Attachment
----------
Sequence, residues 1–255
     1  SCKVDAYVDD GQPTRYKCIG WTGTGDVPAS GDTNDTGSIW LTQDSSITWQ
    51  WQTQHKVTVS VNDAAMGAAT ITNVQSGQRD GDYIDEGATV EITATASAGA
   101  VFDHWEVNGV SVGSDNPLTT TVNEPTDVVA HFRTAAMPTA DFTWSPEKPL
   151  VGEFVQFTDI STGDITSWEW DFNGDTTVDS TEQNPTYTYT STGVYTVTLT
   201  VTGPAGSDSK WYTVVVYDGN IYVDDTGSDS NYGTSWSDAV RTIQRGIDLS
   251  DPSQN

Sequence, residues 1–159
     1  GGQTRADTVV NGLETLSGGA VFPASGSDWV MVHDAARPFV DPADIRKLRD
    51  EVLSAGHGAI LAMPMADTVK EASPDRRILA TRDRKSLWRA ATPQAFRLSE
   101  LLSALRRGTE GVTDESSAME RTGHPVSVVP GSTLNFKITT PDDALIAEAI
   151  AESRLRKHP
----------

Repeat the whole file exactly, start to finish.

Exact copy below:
Sequence, residues 1–255
     1  SCKVDAYVDD GQPTRYKCIG WTGTGDVPAS GDTNDTGSIW LTQDSSITWQ
    51  WQTQHKVTVS VNDAAMGAAT ITNVQSGQRD GDYIDEGATV EITATASAGA
   101  VFDHWEVNGV SVGSDNPLTT TVNEPTDVVA HFRTAAMPTA DFTWSPEKPL
   151  VGEFVQFTDI STGDITSWEW DFNGDTTVDS TEQNPTYTYT STGVYTVTLT
   201  VTGPAGSDSK WYTVVVYDGN IYVDDTGSDS NYGTSWSDAV RTIQRGIDLS
   251  DPSQN

Sequence, residues 1–159
     1  GGQTRADTVV NGLETLSGGA VFPASGSDWV MVHDAARPFV DPADIRKLRD
    51  EVLSAGHGAI LAMPMADTVK EASPDRRILA TRDRKSLWRA ATPQAFRLSE
   101  LLSALRRGTE GVTDESSAME RTGHPVSVVP GSTLNFKITT PDDALIAEAI
   151  AESRLRKHP